Latino unemployment rate hits four-year low, but it’s not all good news

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    The Latino unemployment rate reached 9.0 in April, trailing behind the national unemployment rate of 7.5 percent. (AP Photo/Alan Diaz)

    The U.S. employment report released Friday shows the Latino unemployment rate in April dropped to 9.0 percent, down from 9.2 in March.

    The latest unemployment rate for Latinos is the lowest it has been since November 2008, when it reached 8.6 percent, though it still trails behind the national average.

    Nationwide, the unemployment rate came to a four-year low of 7.5 percent in April after employers added 165,000 jobs. That’s down from 7.6 percent in March, according to data released Friday by U.S. Bureau of Labor Statistics.

    The unemployment rate was 5.1 percent for Asians, 6.7 percent for whites and 13.2 for blacks.

    Latest Latino unemployment rate is not all good news

    Some would argue that the recent decrease in the Latino unemployment rate indicates Latinos are starting to find jobs again, after being hit hard by the recent recession.

    But Alicia Criado, policy associate with the economic and employment policy project at the National Council of La Raza (NCLR), warned that the recent decreases in the unemployment hasn’t been all good news for Latinos. She said that although last month’s numbers were actually good across most indicators, the drop in the unemployment rate for Latinos between February and March was a result of 209,000 Latinos who left the labor market, meaning they stopped actively searching for work.

    “That’s not what we want to see,” Criado told VOXXI. “We want to see as many people who are able to participate in the labor market do so.”

    More bad news is the unemployment rate for Latino youth ages 16 to 24. It reached 18 percent, double the overall Latino unemployment rate, according to an NCLR monthly Latino employment report issued Friday.

    The good news is that the Latino labor force participation rate continues to be the highest of any demographic group. It stood at 65.7 percent in April.

    “Latinos definitely contribute and help to make our economy stronger and are found in many of the industries that help boost our economy,” Criado said, responding to the 65.7 percent Latino labor force participation.

    Latinos face obstacles accessing newly created jobs

    Job gains were made in several professions in April.

    Professional and business services added 73,000 new jobs; food services and drinking places added 38,000; retail trade added 29,000; and health care added 19,000. In the last 12 months, employment growth averaged 169,000 per month.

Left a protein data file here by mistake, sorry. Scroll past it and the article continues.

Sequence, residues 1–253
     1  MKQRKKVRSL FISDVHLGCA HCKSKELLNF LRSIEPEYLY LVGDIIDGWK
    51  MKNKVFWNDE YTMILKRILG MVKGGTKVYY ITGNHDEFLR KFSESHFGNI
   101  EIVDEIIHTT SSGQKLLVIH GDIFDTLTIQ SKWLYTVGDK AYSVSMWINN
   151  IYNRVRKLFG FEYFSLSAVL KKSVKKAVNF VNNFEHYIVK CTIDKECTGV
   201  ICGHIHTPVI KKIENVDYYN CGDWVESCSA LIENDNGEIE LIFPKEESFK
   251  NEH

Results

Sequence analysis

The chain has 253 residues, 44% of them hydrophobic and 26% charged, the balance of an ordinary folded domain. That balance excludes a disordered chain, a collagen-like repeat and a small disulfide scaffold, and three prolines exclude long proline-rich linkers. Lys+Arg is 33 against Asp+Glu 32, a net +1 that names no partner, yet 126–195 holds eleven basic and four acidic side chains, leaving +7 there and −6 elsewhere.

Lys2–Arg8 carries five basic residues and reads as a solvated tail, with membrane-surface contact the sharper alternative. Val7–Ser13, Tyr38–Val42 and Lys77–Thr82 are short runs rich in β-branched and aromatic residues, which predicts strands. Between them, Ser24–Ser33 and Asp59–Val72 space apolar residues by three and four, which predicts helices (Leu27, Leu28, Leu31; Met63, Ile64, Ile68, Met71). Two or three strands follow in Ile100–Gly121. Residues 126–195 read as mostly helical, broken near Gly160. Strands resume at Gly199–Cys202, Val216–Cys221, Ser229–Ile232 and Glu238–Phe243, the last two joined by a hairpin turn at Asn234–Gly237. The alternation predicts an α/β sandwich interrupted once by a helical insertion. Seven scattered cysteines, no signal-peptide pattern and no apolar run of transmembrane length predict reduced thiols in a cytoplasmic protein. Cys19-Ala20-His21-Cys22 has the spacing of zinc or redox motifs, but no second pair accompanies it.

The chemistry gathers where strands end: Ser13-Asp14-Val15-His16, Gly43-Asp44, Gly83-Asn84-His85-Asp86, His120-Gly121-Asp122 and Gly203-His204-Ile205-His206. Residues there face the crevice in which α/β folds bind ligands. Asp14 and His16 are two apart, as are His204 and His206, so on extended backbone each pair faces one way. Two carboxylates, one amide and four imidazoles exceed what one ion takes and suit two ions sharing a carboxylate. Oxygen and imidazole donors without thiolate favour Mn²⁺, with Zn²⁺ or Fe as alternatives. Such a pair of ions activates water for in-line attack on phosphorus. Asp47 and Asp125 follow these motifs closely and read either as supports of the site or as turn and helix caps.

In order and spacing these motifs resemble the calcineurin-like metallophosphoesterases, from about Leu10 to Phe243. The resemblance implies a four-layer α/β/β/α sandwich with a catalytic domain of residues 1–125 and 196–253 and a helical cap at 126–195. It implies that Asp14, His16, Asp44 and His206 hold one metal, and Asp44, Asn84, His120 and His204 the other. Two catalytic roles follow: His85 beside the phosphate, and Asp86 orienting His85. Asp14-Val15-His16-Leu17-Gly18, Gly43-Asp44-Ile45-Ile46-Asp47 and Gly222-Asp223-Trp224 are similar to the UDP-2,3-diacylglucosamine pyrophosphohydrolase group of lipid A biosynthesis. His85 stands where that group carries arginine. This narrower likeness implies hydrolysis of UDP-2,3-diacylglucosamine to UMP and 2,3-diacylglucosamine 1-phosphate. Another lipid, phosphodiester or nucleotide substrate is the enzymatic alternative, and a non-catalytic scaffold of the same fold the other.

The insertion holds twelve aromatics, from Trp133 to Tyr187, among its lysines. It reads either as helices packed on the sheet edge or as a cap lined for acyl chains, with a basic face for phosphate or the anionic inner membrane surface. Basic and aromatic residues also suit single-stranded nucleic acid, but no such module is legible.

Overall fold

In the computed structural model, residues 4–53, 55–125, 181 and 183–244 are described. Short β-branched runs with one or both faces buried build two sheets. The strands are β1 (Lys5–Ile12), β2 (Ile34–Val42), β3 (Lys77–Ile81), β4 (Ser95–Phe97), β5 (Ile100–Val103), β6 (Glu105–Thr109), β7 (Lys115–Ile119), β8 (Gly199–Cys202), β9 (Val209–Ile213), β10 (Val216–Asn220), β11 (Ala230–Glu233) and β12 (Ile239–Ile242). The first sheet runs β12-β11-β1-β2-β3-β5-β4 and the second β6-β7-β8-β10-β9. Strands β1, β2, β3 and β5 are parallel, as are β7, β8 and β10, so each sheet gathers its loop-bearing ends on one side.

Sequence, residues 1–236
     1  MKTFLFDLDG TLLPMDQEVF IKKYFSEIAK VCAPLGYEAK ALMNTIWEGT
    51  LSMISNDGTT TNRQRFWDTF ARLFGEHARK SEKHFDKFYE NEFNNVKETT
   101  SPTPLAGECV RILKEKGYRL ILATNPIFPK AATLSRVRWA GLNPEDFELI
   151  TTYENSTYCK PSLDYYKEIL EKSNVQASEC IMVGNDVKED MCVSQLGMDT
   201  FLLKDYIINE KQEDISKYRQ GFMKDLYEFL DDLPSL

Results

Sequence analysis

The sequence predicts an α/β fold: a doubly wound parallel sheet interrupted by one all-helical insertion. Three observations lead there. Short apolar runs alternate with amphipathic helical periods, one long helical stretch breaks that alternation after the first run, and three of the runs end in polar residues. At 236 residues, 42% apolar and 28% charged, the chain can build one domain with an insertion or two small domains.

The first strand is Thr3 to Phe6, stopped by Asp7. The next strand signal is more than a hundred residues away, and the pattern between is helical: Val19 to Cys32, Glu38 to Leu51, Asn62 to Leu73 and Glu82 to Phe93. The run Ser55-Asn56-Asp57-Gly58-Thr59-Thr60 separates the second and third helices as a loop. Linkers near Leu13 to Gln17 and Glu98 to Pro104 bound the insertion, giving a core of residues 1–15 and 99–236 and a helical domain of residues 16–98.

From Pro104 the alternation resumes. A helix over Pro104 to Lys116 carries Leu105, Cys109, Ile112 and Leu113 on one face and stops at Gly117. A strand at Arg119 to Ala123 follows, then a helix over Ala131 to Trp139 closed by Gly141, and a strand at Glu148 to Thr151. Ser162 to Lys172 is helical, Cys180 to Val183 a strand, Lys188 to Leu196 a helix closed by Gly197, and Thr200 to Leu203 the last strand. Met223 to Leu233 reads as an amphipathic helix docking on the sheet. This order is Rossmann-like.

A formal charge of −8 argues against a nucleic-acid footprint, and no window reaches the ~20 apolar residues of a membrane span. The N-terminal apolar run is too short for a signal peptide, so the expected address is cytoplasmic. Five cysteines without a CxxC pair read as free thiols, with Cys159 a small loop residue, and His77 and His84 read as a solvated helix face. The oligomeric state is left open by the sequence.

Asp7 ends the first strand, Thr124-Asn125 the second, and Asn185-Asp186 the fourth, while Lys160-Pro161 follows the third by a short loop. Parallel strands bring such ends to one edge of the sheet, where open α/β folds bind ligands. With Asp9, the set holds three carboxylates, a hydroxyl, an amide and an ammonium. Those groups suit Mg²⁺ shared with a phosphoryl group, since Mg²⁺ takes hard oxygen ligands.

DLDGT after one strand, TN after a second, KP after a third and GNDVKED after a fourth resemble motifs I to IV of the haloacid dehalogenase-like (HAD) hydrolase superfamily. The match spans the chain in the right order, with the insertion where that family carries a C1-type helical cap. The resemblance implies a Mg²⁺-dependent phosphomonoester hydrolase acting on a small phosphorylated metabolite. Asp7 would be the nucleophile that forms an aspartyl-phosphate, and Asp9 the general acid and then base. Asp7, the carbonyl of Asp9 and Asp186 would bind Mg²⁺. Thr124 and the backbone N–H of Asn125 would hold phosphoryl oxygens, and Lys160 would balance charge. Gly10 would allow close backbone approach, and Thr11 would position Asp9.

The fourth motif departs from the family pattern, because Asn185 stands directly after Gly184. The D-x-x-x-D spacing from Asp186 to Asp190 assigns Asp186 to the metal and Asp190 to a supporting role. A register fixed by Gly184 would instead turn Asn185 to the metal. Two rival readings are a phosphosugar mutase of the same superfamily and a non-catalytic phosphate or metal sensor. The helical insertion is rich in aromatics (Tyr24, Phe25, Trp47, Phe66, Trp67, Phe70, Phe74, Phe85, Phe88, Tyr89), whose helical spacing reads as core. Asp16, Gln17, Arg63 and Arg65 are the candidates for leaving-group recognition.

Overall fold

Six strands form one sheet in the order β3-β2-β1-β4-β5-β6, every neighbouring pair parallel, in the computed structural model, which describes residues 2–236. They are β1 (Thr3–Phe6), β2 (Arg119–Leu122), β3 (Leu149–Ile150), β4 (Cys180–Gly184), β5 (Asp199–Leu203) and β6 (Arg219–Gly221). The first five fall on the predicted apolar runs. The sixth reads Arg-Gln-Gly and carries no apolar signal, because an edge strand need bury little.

Criado said though these job gains are good news for people seeking jobs, she pointed to research from the Economic Policy Institution that shows that for every job that is created, there are three people who are seeking a job.

    “Clearly there is a gap there,” she said. “For Latinos in particular who face many obstacles and barriers in the labor market, there’s a series of challenges that prevent them from accessing jobs, especially in growth industries.”

    Criado is part of a team at NCLR that works through a number of channels — including research, policy and advocacy — to address the need to create more jobs. They also work to ensure Latinos “are strong candidates” and can actually access those newly created jobs.

    What it would take to lower Latino unemployment rate

    Former Secretary of Labor Hilda Solis spoke in February during the Mexican American Legal Defense and Educational Fund’s (MALDEF) Latino State of the Union event about how Latinos were hit extra hard by the recent recession.

    Solis said one of the ways to get more Latinos employed is by ensuring they get a college education and and the training they need to get higher-paying jobs.

    Criado agreed, saying, “There is definitely a correlation between the more education you attain, the better the prospects will be in the labor market and the better career paths that you’ll have access to.”

    In March, President Barack Obama nominated Thomas E. Perez to succeed Solis and become the new Secretary of Labor. He awaits confirmation from Congress — a committee vote is scheduled for next week. For now, the acting Secretary of Labor is Seth D. Harris.

    Criado said she hopes the next Secretary of Labor will work to lower the Latino unemployment rate. She also hopes the new leader will prioritize investment in job training as well as in worker health and safety, two areas she said are critical for Latino workers.

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